In England, the National Gallery of London dedicates a big exhibition to Raphael. ‘The Credit Suisse Exhibition: Raphael’ as it is entitled, will be held from October 2020 to January 2021 with more than 90 works from several museums like the Louvre, Vatican, Uffizi, and the National Gallery of Arts of Washington. In a message, the president of the Italian Republic, Sergio Mattarella, expressed his feelings: “the wish is that the doors can be reopened as soon as possible and from that Renaissance spirit that made Raphael’s art incomparable, we can draw energy for a restart of Italy and Europe”. With my best wishes!

“ The Sistine Madonna”, one of Raphael’s most famous paintings (1513-14). (Raphael, Wikimedia Commons Public domain mark 1.0)

“The Triumph of Galatea”, a fresco, Villa Farnesina, Roma,1514. (Raphael, Wikimedia Commons CC BY-SA 3.0)

“Portrait of Pope Julius II”, 1511, National Gallery of London. A second version dated 1512 is kept by the Galleria degli Uffizi, Florence. (Raphael, Wikimedia Commons  Public domain Mark 1.0),

“The Resurrection of Christ”, 1501-02, São Paulo Museum of Art, Brazil.(Raphael, Wikimedia Commons Public domain Mark 1.0)

“Saint George and the dragon”, 1504-06, National Gallery of Art, Washington DC, USA. (Raphael, Wikimedia Commons Public domain Mark 1.0)


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Italy is like a book – Come read!


Strolling along the streets in Italy is to travel through history. We go back in time and recognize ourselves as protagonists in this huge book. A beautiful full-color edition. Every corner tells us something, you just have to listen. Saint-Exupéry, the author of The Little Prince, wrote: “It is only with the heart that one can see correctly”. Although Italy can be perceived with all senses, it is the heart that reaches the unseen… the essence. The art, literature, cinema, architecture, the aroma of a cappuccino, the smell of pizza, the taste of wine, the flowered windows, the accordion that plays O Sole Mio on the streetsItaly is all of that!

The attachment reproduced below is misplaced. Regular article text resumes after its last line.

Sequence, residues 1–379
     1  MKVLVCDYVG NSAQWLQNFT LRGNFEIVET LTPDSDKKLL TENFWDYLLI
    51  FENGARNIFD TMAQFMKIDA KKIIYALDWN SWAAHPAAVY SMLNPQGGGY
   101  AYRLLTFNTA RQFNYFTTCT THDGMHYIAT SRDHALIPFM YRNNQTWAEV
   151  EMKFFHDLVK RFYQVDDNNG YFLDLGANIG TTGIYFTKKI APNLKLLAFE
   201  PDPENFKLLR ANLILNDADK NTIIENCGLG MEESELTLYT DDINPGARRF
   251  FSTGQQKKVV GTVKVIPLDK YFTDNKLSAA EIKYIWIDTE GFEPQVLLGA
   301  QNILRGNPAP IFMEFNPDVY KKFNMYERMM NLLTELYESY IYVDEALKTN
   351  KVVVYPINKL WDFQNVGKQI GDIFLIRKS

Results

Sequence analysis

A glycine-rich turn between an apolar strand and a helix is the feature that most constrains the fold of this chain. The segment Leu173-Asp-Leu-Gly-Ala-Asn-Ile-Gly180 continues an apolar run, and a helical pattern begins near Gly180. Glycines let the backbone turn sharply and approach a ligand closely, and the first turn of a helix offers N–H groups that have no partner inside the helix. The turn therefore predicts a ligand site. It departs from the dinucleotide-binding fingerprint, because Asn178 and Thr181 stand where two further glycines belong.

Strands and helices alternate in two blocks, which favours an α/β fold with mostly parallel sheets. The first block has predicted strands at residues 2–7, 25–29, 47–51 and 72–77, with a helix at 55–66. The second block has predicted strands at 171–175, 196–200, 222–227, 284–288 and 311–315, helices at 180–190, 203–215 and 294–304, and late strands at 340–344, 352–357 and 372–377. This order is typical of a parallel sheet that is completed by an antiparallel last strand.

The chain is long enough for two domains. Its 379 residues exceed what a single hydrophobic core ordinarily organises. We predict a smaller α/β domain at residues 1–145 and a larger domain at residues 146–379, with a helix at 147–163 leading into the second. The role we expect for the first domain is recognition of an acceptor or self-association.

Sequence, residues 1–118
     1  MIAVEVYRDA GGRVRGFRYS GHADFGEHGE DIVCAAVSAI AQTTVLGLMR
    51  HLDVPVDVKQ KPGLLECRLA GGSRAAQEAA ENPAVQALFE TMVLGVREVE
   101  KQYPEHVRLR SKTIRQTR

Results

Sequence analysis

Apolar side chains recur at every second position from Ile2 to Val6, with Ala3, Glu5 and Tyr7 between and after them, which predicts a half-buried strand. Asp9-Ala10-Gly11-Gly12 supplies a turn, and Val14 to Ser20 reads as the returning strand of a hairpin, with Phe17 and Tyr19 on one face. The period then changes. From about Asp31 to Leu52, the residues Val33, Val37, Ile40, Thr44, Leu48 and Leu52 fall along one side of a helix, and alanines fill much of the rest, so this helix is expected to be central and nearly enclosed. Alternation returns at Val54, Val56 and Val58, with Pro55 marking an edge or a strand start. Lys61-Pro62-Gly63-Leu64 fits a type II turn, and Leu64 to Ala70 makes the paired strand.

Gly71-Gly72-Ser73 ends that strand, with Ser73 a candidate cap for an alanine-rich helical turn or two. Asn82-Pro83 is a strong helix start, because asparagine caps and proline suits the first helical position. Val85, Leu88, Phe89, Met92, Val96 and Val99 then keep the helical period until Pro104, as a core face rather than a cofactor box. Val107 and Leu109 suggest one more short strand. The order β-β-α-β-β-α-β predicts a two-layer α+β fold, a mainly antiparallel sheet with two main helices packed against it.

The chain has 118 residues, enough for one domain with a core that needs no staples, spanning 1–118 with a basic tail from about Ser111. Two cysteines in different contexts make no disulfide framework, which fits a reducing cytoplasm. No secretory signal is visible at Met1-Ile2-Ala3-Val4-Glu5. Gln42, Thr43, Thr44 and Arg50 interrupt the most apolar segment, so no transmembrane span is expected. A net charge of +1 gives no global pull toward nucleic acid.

For me, Italy has something magical. Finding my own story, my roots, on the pages of this hypothetical book has an indescribable value. And it so happened to be in Torreglia, a welcoming town in the province of Padua, north-east Italy, that I found a very special chapter. In this summary, I’ll introduce you to all those things that Italy has to tell. I’m taking you on this journey!


Italy in chapters – from prehistory to Middle Ages…

Correzzola is magically set to revive the Middle Ages
Correzzola, magically set to revive the Middle Ages.

The first chapter leads us to Prehistory. Italy has been inhabited since the Paleolithic, and according to an article published by the magazine National Geographic, the site Monte Poggiolo, in Emilia Romagna, is the oldest evidence of the human presence in the country. “The first hominids arrived at the Po Valley about 850 years ago, following a drastic changing in climate”, says the magazine.

The second chapter takes us for a walk in Ancient History and makes us discover the Etruscan, Phoenician, Greek, and Roman civilizations. Palermo, founded by the Phoenicians, Naples, and Rome were among the most important cities of this period. Flipping through the pages, we find that roman sociopolitical organization left everlasting marks in human history. The Roman built cities, harbors, roads, aqueducts, fortifications, and it is not uncommon to find ourselves before a Roman archaeological site. History comes alive before our eyes.

Would you like to go for a walk in the Middle Ages? Well… that’s also possible. The Medieval festivities are always eye-catching. I had the pleasure of living the medieval period in Correzzola, (pictures) in the province of Padua, which has since then housed a small community. Every year, in July, Correzzola is magically set to revive the dark ages, and… oh Gosh, what an adventure! I ended up with my head in a “gogna” (pillory). “Gogna” is the last part of the word “vergogna” (shame) and this is what we feel when finding ourselves in that embarrassing position. Luckily, my tormentor had a good heart and freed me, or I would not be here to tell you about the third chapter of this book.



Renaissance, Modern Age, Risorgimento, the wars…